China’s Parting Shot at Trump is Sanctions on Former Officials

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As the Biden Administration begins its term in Washington, Beijing has announced that many prominent figures of Trump’s foreign affairs team have been sanctioned. 

Blaming them for “severely violating China’s sovereignty” the sanctions ban the listed from entering China, Hong Kong, and Macau as well as doing business with any Chinese firms.  Included on the list are former Secretary of State Michael R. Pompeo, former Advisor Peter K. Navarro, former National Security Advisor Robert C. O'Brien, former Assistant Secretary of State for East Asia David R. Stilwell, former Deputy National Security Advisor Matthew Pottinger, former US Health Secretary Alex M. Azar II, who was the highest-ranking official to meet with the Taiwanese President and executive in 40 years, former US Undersecretary of State Keith J. Krach, and US Ambassador to the UN Kelly D. K. Craft.

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John R. Bolton and Stephen K. Bannon were also added to the list. Bannon currently has a podcast called War Room: Pandemic where he and guests frequently allege that the Covid-19 pandemic was created in a lab in China. Of those on the list, Bannon likely has the most experience in business in China: in 2005 he ran a trading desk for World of Warcraft gold in Hong Kong, mining it in Shenzhen then selling it for fiat currency abroad. 

“Over the past few years, some anti-China politicians in the United States, out of their selfish political interests and prejudice and hatred against China and showing no regard for the interests of the Chinese and American people, have planned, promoted and executed a series of crazy moves which have gravely interfered in China's internal affairs, undermined China's interests, offended the Chinese people, and seriously disrupted China-U.S. relations,” a statement from the Ministry of Foreign Affairs read. 

These sanctions should come as no surprise as days before the Trump administration concluded, Beijing had announced it was planning a round of sanctions on US officials for lifting restrictions on US diplomats interacting with their Taiwanese counterparts as well as labelling China’s actions in Xinjiang a genocide and a crime against humanity.

The US has placed many in Hong Kong’s leadership on the Department of the Treasury's Office of Foreign Assets Control for their role in cracking down on protests in Hong Kong. Reportedly, the Chief Executive of Hong Kong, Carrie Lam, has to be paid in cash as many banks in Hong Kong which also have relationships with US institutions or hold US dollars cannot do business with her.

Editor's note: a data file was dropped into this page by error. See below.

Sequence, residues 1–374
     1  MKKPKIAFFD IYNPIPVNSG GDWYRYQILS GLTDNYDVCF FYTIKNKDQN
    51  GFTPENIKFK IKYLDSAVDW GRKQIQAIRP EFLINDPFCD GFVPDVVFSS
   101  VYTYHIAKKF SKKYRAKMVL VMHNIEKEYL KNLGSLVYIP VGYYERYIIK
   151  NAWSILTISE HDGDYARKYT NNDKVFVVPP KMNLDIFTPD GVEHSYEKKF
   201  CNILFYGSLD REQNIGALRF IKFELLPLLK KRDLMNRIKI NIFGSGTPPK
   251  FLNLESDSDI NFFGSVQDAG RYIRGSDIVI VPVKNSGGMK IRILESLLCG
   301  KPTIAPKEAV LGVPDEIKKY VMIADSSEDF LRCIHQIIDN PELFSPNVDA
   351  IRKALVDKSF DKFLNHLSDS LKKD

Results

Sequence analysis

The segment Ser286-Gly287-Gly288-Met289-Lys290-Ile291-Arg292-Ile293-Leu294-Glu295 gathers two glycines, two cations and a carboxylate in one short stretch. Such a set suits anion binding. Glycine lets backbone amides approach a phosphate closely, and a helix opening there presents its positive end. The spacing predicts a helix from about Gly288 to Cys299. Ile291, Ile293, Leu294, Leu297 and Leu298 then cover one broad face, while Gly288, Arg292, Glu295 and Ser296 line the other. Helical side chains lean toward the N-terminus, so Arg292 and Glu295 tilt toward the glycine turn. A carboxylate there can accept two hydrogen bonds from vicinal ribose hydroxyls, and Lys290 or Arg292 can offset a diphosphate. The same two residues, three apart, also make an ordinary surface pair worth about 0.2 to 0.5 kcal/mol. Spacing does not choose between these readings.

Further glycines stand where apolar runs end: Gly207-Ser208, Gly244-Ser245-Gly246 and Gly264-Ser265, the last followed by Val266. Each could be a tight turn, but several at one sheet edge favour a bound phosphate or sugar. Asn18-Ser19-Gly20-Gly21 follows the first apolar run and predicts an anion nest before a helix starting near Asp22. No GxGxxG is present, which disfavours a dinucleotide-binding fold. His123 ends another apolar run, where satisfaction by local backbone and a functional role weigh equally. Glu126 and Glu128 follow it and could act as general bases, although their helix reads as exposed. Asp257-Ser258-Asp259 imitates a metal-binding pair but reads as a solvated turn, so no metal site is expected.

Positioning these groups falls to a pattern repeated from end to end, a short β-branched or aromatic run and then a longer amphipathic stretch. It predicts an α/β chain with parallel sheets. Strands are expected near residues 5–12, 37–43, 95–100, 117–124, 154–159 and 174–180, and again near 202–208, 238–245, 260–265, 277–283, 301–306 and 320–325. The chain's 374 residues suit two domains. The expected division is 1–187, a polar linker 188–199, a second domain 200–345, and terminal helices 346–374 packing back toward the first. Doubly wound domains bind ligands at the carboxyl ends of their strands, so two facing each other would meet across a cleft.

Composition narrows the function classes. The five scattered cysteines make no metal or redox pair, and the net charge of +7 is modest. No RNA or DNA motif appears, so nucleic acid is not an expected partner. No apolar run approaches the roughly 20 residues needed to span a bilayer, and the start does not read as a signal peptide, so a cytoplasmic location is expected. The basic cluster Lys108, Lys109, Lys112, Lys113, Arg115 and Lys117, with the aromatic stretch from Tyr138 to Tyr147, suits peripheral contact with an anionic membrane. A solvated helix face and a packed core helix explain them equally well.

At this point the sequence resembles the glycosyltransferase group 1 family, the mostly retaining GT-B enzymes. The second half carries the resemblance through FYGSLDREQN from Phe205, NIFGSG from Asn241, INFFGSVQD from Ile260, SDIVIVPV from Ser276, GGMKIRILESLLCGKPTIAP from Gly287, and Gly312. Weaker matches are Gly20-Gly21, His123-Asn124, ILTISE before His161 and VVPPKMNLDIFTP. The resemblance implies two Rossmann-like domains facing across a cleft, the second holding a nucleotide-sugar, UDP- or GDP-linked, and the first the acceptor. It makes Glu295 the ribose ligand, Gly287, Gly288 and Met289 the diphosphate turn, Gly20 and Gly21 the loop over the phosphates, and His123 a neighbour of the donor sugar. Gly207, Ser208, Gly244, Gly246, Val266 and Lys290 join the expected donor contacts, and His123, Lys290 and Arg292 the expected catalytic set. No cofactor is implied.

China’s sanctions on former US officials are not expected to be nearly as damaging. 

Trade War Détente with China

Without a doubt, Beijing is going to be looking for a détente, if not a reset, in trade talks with Washington as its economy experiences its slowest growth in years. Tariffs on goods imported from China was one of the pillars of Trump’s campaign, and the White House kicked off a concerted effort to target PRC-made goods with tariffs and other trade barriers beginning in 2018. 

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For the US, the trade war had a mixed to moderate impact on the economy. However, within Asia, countries that worked to offer an alternative to a China-run supply chain were huge beneficiaries. Taiwan, a US ally in the region, came out of the trade war with a huge trade surplus and stronger economies while those that made bets on China as their chief trading partner suffered. In the first half of 2019, Taiwan’s exports to the US went up by $4.2 billion making it a trade war winner and its economy outpaced China’s growth by 2.7% versus China’s 2.5%.   

But as the Biden administration is only in its early days, time will tell the direction it will take on its China policy. For the time being, it will likely take a back seat as the White House determines what course it will take on stimulus and pandemic relief.

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